Insurgent - Not the Special One

Insurgent - Not the Special One

Insurgent isn't special. It's just another young adult dystopian movie, more along the lines of City of Ember than The Hunger Games.

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Having read the book recently, there's no surprise that this one is being received so negatively. Just about nothing happens until about 2/3 in at best, and from what I can tell, the movie went and changed up a few things and STILL manages to be boring as hell.

All these similar sounding YA Dystopia series remind me of the Simpsons episode that revealed how all those kinds of books are REALLY written, guest starring Neil Gaiman as himself. I remember pointing this out in one of either Yahtzee or MovieBob's videos.

I've never watched the movies or read the books (and have zero interest in them) but am I the only one who doesn't find Shailene Woodley attractive in the slightest? I always just assumed in these YA series that they go out of their way to cast attractive actors/actresses, but I just don't see it at all with her.

Speaking of putting three books into one movie, the movie adaptation of A Series of Unfortunate Events did just that with the first three books and it turned out to be a pretty good movie in its own right... and not just because of Jim Carrey...

All these similar sounding YA Dystopia series remind me of the Simpsons episode that revealed how all those kinds of books are REALLY written, guest starring Neil Gaiman as himself. I remember pointing this out in one of either Yahtzee or MovieBob's videos.

I was just watching that episode just the other day, actually...

I went to see this last night with a friend because she'd seen the first and seems to be a fan of these future dystopian type things. It's really quite bad. I hadn't seen the first, but I picked up on the general plot pretty quickly. It was all over the place. All of their efforts just seemed so pointless. The whole plot seemed arbitrary to the larger direction of the series. Basically it's all based around opening a box which, as it turns out reveals a wildly uninteresting secret to the protaganist.
Ah Shailene Woodley. I don't see the hype with her performance which has been hailed by a fair few people as one of the saving graces of this movie. I broke out laughing at her more and emotional and dialogue based scenes they were so forced. I mean the other 90% of her role was jumping around the place in bad action scenes. She's really not a great actress in my opinion.
Basically the whole thing made me cringe. It was just poorly written garbage piggy backing on the success of Hunger games and the like. One of the few movies where I feel as if I'd like my money back. I don'y know if the books are this bad, but after reading the plot on Wikipedia, I don't intend to find out.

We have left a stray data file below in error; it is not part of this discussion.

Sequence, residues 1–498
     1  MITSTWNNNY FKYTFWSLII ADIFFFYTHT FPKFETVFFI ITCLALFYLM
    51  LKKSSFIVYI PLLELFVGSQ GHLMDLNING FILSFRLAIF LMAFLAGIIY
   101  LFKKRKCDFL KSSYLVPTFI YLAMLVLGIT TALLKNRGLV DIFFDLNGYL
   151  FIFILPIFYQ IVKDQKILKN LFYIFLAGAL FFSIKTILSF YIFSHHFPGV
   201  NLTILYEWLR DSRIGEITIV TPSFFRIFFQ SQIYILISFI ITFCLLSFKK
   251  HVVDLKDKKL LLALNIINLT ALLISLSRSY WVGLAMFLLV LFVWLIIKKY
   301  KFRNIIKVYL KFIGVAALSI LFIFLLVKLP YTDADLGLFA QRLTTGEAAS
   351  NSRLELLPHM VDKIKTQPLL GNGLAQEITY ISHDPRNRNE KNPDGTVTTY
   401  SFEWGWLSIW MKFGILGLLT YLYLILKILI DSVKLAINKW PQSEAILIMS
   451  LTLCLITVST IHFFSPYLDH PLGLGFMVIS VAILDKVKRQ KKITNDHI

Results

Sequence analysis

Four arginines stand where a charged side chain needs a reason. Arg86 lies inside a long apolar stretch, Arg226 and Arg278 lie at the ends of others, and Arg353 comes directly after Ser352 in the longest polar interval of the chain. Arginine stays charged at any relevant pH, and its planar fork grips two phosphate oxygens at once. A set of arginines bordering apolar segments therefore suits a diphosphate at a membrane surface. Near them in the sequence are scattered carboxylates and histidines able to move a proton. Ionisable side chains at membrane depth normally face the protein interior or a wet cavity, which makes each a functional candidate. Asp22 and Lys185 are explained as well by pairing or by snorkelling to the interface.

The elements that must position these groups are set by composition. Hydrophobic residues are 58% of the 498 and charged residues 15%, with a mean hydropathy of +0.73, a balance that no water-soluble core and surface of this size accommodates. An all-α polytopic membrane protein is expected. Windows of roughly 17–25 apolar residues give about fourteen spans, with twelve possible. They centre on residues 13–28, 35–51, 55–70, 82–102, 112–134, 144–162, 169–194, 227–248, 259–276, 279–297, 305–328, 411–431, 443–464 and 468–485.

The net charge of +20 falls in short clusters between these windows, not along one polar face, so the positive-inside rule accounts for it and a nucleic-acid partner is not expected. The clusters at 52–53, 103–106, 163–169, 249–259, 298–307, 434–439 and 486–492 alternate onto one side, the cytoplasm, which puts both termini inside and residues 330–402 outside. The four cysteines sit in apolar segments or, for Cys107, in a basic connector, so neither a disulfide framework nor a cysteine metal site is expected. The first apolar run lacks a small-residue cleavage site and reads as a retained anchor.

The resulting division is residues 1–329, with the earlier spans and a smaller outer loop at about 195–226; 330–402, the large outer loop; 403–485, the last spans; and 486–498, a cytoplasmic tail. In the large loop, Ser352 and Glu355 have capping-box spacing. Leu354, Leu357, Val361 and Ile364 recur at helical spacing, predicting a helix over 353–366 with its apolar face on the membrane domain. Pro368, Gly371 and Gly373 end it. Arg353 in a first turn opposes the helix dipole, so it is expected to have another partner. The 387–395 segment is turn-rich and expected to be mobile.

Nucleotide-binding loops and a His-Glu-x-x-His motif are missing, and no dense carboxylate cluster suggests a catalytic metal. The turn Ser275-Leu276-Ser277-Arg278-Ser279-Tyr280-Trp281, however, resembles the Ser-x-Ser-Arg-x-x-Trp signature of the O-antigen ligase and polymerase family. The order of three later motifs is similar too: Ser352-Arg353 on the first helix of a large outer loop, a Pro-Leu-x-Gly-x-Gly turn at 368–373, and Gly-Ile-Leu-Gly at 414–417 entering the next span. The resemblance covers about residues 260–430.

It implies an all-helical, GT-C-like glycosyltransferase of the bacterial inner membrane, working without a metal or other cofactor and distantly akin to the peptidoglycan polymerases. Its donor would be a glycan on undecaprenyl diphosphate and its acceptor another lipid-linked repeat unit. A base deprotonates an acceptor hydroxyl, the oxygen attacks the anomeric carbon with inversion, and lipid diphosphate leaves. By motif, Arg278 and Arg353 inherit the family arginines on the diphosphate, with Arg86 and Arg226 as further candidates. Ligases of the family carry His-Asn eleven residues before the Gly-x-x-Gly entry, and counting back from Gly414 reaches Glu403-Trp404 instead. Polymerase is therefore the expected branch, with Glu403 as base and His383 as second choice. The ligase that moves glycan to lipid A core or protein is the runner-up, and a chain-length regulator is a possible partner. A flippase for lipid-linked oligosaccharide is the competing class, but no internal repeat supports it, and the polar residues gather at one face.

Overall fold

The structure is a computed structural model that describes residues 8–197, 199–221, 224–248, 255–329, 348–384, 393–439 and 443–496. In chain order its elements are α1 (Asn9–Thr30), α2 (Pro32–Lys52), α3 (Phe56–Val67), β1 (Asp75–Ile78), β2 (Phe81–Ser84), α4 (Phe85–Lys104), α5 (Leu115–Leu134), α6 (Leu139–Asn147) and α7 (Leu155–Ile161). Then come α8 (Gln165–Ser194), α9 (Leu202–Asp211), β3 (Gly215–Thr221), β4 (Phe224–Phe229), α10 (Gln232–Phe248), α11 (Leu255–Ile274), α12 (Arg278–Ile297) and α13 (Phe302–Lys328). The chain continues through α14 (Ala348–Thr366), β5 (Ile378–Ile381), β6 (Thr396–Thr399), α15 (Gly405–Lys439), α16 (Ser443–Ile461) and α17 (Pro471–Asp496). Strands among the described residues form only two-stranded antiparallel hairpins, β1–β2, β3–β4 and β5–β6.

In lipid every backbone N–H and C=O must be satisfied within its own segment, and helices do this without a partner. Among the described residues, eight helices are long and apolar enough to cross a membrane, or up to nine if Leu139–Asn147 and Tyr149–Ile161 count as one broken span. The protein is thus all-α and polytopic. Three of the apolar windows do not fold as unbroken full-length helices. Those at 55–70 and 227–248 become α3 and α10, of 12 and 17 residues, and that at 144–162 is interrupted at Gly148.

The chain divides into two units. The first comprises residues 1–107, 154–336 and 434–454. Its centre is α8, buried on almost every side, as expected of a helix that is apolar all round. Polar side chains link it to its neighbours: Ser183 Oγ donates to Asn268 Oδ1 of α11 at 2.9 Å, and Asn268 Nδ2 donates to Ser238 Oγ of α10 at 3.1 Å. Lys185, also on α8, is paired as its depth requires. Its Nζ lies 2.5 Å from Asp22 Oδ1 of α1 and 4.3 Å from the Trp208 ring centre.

I actually love the Hunger Games movies as poorly written as the books are, but at least their movie adaptations were well directed.

Wait... isn't Divergent only like about 8 months old at this point? I swear it came out last summer, and not even early in the summer.

Geez! How much of a half-arsed job does everyone involved in Insurgent have to do to make a sequel that fast? And that's not even getting into the why? Even if you planned a series... Hell, even if you were already halfway through the second one when the first went to the box office, surely Divergent didn't do well enough to justify 3 sequels' worth of time and money?! I know a great deal of Hunger Games fans, but I know maybe 2 people who saw Divergent, and I don't think either of them were very psyched for a sequel.

My basic opinion is that this entire genera needs to die horribly. It always amounts to the same basic metaphor for some kid who feels they don't fit into society finding their own path. It's something most kids can relate to, taken to an extreme via science fiction and fantasy. The problem of course being that since everyone feels that way it doesn't work all that well when done constantly, since there is literally nothing special about being a kid who feels they don't fit in or are playing a role. In real life kids grow up and suddenly "get it" and fit into society and of course continue to perpetuate a system which actually does exist for the greater good, but rarely does the equivalent of that happen in most of these kinds of stories, rather everything gets torn down, and then the story ends because of all the "potential" without bother to explain how things go from there since nobody seems to have any kind of real plan and anarchy really isn't all that wonderful.